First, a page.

Blake Smith

create. code. learn.


gem executables loading the relative path

In a common gem project structure, a simple layout might look like this:

`-> lib
  `-> my_gem.rb
  `-> my_gem
    `-> runner.rb
 -> bin
  `-> my_executable

With an executable file in the bin folder, a common ruby idiom might follow this pattern:

#!/usr/bin/env ruby

require 'rubygems'
require 'my_gem'!(ARGV)

This is great, we’ve deffered all of our run logic to a class inside of our lib folder (in this case, runner.rb) which makes it easier to unit test our code.

The dilema that this situation creates, is that by default Ruby will load the my_gem classes from the default rubygems path instead of in the folder relative to the executable. This means that everytime we update our code, we have to rebuild the gem and reinstall it to smoke-test our executable. Otherwise if we only change the code in our project directory, when we run the executable that’s located in our project directory, it will still be loading the stale code in our rubygems path.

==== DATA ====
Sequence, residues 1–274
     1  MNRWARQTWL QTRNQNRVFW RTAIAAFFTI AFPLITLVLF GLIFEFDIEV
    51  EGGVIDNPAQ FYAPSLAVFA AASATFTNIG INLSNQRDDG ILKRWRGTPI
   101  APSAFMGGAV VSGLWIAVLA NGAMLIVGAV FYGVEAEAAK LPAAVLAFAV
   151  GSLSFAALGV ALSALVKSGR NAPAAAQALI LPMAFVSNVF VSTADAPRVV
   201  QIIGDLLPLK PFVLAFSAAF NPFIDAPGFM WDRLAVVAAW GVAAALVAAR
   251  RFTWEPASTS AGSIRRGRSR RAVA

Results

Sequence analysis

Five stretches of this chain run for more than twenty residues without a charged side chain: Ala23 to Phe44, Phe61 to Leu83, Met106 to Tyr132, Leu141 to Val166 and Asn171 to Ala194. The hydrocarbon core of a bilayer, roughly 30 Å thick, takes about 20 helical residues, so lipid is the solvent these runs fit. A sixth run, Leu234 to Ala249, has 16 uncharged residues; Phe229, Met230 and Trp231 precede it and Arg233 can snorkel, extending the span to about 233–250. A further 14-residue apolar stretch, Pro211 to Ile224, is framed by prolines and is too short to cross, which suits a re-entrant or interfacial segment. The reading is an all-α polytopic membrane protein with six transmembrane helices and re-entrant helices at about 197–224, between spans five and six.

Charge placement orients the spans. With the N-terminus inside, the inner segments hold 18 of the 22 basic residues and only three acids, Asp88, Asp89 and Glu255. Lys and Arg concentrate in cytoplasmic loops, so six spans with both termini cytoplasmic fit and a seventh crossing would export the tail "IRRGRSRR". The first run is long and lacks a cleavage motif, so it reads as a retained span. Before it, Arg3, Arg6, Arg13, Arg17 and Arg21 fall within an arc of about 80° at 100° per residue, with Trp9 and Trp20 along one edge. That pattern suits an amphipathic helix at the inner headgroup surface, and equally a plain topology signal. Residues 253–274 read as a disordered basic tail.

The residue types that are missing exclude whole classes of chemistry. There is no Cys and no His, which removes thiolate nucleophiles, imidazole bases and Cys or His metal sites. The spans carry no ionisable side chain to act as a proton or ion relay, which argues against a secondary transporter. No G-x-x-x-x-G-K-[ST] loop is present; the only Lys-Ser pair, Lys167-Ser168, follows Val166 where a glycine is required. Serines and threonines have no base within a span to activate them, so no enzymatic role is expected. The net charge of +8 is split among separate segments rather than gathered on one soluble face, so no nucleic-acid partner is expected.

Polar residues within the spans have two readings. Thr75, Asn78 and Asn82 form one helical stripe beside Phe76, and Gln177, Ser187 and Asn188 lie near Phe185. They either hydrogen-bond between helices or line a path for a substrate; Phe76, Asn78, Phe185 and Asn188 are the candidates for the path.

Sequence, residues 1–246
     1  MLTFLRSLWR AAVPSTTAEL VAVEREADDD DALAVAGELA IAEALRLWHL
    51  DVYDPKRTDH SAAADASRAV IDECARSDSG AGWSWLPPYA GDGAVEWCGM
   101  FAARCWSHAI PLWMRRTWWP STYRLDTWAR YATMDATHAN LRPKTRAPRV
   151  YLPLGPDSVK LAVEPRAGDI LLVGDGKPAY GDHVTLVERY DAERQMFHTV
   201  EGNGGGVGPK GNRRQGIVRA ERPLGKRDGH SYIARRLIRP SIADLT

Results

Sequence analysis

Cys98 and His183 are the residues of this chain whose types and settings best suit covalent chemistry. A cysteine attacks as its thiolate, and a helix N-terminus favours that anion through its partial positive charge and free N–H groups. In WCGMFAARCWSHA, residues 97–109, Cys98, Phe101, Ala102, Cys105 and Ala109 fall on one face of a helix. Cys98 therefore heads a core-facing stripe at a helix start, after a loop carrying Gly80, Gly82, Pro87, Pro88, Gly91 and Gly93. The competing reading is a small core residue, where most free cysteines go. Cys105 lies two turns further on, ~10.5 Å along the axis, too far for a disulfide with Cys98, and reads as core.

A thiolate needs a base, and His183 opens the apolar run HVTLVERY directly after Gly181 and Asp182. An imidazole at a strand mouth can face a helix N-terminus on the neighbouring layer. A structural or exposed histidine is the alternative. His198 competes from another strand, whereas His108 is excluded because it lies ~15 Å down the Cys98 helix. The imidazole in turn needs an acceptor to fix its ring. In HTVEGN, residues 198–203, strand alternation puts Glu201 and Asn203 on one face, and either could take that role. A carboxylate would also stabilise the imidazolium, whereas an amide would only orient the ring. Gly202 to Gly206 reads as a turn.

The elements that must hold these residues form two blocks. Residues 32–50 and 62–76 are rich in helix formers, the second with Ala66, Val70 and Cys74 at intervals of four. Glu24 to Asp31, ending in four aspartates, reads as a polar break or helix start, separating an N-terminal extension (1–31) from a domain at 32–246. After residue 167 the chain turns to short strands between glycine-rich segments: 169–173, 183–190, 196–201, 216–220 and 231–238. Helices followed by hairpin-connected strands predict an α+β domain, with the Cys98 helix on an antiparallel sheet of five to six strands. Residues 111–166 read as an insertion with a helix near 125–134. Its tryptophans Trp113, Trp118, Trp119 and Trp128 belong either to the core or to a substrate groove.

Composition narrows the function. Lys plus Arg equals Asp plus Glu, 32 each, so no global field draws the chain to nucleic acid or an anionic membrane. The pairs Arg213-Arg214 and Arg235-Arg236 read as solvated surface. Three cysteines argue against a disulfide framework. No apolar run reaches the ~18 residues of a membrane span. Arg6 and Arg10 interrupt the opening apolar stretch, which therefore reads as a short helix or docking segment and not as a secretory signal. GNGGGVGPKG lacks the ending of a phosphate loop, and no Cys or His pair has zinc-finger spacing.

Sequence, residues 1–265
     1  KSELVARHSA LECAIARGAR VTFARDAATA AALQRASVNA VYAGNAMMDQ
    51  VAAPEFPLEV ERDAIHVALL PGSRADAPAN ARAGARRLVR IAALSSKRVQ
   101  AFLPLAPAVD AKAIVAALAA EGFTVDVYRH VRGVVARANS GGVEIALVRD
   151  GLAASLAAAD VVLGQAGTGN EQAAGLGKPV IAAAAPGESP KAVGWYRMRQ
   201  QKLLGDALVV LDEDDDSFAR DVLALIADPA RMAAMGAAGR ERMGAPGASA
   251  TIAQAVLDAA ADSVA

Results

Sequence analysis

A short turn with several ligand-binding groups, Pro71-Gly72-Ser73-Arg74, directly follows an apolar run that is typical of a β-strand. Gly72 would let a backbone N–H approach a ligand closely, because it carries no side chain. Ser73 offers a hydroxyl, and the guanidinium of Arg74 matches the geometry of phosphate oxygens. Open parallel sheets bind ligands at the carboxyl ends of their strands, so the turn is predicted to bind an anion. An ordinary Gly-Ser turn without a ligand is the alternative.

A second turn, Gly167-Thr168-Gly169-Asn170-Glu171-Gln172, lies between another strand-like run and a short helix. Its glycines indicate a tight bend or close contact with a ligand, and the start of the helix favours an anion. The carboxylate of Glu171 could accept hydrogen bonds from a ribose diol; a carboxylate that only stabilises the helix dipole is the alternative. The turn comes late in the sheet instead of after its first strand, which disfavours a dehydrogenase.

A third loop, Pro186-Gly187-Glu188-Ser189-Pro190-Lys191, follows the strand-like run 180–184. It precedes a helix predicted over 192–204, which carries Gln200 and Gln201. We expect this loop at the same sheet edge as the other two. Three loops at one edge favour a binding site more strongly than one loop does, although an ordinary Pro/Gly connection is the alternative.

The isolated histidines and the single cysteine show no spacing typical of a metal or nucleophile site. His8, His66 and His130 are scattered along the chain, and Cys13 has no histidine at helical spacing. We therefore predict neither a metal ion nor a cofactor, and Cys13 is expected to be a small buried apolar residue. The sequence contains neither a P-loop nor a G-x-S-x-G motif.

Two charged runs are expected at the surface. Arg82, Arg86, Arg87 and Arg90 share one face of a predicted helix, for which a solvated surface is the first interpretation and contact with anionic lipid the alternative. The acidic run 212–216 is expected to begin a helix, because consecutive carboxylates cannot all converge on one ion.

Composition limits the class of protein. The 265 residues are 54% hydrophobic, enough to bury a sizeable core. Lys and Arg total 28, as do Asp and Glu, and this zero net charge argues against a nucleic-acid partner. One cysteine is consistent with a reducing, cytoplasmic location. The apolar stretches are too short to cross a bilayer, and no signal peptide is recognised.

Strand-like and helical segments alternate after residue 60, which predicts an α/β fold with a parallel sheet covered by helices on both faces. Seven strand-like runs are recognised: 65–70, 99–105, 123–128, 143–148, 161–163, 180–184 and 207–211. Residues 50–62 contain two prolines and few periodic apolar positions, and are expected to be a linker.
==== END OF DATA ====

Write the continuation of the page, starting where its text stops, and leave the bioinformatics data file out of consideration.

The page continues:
A great solution is to add this line before you require your gem:

$LOAD_PATH.unshift File.join(File.dirname(__FILE__), *%w[.. lib])

You can also use the shorthand variable $: as an alias for $LOAD_PATH.

So the final code would look like this:

#!/usr/bin/env ruby
$LOAD_PATH.unshift File.join(File.dirname(__FILE__), *%w[.. lib])

require 'rubygems'
require 'my_gem'!(ARGV)

A Ruby master would laugh at me for just realizing this pattern, but what this means is that each time your executable is run, even from your local project directory, it will always load the code that is relative to the executable, which is exactly what you want.

Just a little tidbit I thought I’d pass on to ease the friction of those developing executables in their gem projects.

about the author

Blake Smith is a Principal Software Engineer at Sprout Social.